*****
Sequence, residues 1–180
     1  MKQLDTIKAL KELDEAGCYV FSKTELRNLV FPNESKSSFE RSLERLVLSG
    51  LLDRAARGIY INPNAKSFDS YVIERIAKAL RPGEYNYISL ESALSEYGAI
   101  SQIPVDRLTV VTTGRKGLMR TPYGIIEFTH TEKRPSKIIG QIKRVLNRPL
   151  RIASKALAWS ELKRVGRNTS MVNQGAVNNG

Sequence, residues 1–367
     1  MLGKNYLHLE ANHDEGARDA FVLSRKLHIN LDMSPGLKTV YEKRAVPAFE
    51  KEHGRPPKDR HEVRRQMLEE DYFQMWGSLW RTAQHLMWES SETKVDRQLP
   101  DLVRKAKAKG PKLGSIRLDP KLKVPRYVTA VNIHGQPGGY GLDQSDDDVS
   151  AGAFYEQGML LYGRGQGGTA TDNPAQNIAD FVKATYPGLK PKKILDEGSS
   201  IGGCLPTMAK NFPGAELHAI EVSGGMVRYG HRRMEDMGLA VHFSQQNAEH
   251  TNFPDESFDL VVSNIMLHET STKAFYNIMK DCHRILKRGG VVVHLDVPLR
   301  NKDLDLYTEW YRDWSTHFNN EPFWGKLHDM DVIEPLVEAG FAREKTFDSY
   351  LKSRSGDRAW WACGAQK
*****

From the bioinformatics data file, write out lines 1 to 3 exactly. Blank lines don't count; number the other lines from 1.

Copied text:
Sequence, residues 1–180
     1  MKQLDTIKAL KELDEAGCYV FSKTELRNLV FPNESKSSFE RSLERLVLSG
    51  LLDRAARGIY INPNAKSFDS YVIERIAKAL RPGEYNYISL ESALSEYGAI